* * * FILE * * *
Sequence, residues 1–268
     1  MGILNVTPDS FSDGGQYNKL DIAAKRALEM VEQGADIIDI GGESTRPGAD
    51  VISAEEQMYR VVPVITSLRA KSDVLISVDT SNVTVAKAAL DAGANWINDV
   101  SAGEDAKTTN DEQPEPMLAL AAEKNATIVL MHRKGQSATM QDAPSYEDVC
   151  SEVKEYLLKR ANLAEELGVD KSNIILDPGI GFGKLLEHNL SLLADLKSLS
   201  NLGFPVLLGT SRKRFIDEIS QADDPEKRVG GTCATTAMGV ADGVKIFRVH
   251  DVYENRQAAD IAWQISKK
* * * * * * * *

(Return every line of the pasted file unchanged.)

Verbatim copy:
Sequence, residues 1–268
     1  MGILNVTPDS FSDGGQYNKL DIAAKRALEM VEQGADIIDI GGESTRPGAD
    51  VISAEEQMYR VVPVITSLRA KSDVLISVDT SNVTVAKAAL DAGANWINDV
   101  SAGEDAKTTN DEQPEPMLAL AAEKNATIVL MHRKGQSATM QDAPSYEDVC
   151  SEVKEYLLKR ANLAEELGVD KSNIILDPGI GFGKLLEHNL SLLADLKSLS
   201  NLGFPVLLGT SRKRFIDEIS QADDPEKRVG GTCATTAMGV ADGVKIFRVH
   251  DVYENRQAAD IAWQISKK